So our last day on the island was used to tie together loose ends. We finished our projects by presenting them to the class. Trisha and Edd gave everyone an award. I got the most questions asked award, with a highlight on my question about cheese.
I went on the morning snorkel, but there wasn’t much to see, other than a small hawksbill turtle hiding under the shipwreck. Later, most of the group went on one last snorkel on the northern side of the island. There were so many fish I was wondering why we hadn’t snorkelled on that side before. I saw both blue and yellow mesh sea stars, as well and a ton of anemonefish and valentini’s sharp nose pufferfish. Because the water was so shallow it was all very close and easy to see, which was awesome.
Most of today has been spent in the lab picking through sediment cores, but we are finally done with the microscopes and are working our way through the project. I'm excited mostly because staring through a microscope without music to listen to was incredibly boring. The highlight of today so far was a walk around the beach with Brynn, Hailey and Katie. We had to do some parkour at one point on the rocks, and we saw a few crabs, but it’s so windy that most things are avoiding the island right now. Now even the sunset could show through the clouds.
Everyone has officially started their research projects today. We have a group studying sea cucumbers (which is really cool), and a few groups doing sediment cores, including my group.
My phone fell out of my pocket on the jetty last night looking at the stars. Hailey dove for it during this morning's snorkel, which was greatly appreciated. Its completely fried and my pictures are forever gone but at least I got the case back, right?
There was a green sea turtle hatching today. I only caught the last of it, I ran to get Hailey and Katie, since I could see them further down the beach. We watched each of the turtles struggle over the rocks to the sea, only to be picked off by birds once they made it.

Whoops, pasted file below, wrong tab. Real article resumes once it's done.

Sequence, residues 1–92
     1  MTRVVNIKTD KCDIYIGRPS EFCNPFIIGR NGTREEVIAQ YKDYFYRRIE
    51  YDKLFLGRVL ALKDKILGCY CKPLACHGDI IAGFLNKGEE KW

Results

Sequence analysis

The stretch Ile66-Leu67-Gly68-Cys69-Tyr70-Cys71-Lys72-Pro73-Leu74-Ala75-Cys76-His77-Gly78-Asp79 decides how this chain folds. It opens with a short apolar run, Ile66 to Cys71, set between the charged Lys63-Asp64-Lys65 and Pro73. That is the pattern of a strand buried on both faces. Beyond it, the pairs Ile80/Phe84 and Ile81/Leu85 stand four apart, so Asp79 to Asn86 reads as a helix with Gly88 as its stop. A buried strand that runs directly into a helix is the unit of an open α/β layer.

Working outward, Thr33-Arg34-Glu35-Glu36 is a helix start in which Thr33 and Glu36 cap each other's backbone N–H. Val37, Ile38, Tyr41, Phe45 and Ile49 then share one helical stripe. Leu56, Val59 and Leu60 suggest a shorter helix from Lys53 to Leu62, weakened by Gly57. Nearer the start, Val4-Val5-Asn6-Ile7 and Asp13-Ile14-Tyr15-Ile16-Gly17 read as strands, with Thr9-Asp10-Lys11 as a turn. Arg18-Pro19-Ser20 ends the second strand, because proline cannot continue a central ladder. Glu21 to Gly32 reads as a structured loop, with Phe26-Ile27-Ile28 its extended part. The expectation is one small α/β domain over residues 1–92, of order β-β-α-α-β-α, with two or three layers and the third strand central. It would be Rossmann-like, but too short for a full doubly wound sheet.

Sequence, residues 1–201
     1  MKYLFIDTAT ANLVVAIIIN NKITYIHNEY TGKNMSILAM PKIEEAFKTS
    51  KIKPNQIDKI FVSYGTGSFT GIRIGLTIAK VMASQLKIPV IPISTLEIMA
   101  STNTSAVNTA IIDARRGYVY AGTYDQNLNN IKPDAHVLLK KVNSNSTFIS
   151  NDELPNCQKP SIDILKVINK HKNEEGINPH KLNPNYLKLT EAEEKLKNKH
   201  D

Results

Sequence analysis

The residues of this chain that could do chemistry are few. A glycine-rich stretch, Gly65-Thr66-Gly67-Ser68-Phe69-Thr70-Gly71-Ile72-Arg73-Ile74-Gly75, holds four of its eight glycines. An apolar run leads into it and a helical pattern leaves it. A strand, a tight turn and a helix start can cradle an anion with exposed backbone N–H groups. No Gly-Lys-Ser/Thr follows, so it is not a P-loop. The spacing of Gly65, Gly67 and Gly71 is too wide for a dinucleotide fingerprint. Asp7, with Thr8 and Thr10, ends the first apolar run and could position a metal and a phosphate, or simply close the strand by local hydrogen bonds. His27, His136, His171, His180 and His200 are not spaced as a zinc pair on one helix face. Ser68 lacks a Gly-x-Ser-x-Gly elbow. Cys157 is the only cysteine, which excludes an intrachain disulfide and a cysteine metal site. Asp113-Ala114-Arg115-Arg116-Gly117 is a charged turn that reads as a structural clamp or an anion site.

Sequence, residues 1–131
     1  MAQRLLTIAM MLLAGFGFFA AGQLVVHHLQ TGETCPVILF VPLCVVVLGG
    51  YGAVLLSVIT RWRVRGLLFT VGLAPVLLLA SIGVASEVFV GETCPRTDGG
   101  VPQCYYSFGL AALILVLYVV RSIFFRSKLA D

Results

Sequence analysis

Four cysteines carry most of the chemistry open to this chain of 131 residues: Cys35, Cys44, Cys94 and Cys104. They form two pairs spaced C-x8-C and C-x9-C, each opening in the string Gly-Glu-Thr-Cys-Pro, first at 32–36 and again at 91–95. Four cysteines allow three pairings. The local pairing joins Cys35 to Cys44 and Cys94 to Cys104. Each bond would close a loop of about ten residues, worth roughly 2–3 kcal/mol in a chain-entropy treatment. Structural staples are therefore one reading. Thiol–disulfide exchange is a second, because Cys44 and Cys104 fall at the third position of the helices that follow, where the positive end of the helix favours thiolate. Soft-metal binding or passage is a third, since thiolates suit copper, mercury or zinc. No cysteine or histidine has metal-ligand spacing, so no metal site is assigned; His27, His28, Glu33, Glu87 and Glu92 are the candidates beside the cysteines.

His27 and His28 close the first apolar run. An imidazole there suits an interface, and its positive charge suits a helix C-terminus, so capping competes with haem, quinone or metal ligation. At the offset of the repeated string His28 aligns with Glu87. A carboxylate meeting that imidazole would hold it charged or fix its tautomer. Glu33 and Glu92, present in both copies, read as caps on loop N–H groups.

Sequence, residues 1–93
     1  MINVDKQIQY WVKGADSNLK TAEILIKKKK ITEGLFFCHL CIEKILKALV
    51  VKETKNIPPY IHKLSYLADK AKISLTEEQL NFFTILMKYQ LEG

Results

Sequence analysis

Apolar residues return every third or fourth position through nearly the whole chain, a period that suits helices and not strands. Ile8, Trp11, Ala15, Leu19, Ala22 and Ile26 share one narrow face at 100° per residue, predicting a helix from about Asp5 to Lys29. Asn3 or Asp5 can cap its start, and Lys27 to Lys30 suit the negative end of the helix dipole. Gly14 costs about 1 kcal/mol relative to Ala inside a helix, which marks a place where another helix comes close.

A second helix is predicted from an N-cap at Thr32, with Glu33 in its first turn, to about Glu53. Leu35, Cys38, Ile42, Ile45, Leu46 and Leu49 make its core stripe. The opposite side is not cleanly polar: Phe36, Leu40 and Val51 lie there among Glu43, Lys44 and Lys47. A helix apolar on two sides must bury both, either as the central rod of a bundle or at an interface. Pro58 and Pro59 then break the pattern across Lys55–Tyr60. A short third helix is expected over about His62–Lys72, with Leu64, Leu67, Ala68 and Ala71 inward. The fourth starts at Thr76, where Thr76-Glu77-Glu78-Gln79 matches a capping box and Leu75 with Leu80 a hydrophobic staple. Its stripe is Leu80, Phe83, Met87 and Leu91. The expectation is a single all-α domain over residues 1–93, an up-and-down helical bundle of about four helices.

My research group gathered the last of our sediment cores today, so now we get to look forward to examining everything under a microscope.
I did a lot of waiting around today. There was no morning snorkel this morning because the student who were dive certified went out on a scuba dive, so I walked around the island and collected plastic. I did finally get to see a spotted eagle ray jump. Clark saw it go under the jetty and we followed it on shore for at least 20 minutes before it jumped.
when low tide finally rolled around my research group went out and collected some sediment cores from shark bay. we spent the rest of the day looking for invertebrates in the sediment using the l;ab microscopes.
This morning we went out to the lagoon to analyze coral bleaching. It was high tide and fairly windy, so no one wanted to get wet. I got teamed up for Russ and we were pretty far away from shore when we realized there was a lot of screaming. We looked back and saw everyone on shore, screaming "shark! Get out of the water!"
Russ and I booked it to shore. At one point he knocked my snorkel pipe out of my mouth and I didn’t even both putting it back in, I just switched to breast stroke and kept going. When we got to shore we learned it was a tiger shark, and we didn’t see anything. Russ went back into the water and finished the lab, I stayed on shore and kept watch.
Later we went on what might be our last outer reef excursion today as well. It was beautiful underwater, but also somewhat windy. I saw my first anemone fish, finally, and I also was finally able to get a video of a turtle. Apparently yesterday my camera wasn’t on for the turtles.
We went to the outer reef again today. Unfortunately the video I took while swimming with the turtle didn't come out, but i did get some good footage of a few other fish. below are a Spotted Eagle Ray, a Moorish Idol, and a Damselfish.
I loved finding polychaete worms, which basically look like beautiful plumes floating out of pure rock, but my favorite thing to watch was the blue streak cleaner wrasses. they set up cleaning stations on the reef and wait for fish to come by and clean them, kind of like a car wash. I passed one little guy with a line of fish waiting for him. They would hold completely still for him and then swim away when he was done.
My new favorite hobby on the island is walking along research beach, where there is a strip of rocks leading to shark bay. these rocks are home to a lot of little species, like Chitons and swift-footed crabs. I like to pick up different shells and see if there are hermit crabs in them, but i give cone shells a wide berth, since they can send out poisonous harpoons. While walking i also saw a Portuguese Man O War, about the size of my thumb, stuck to a rock.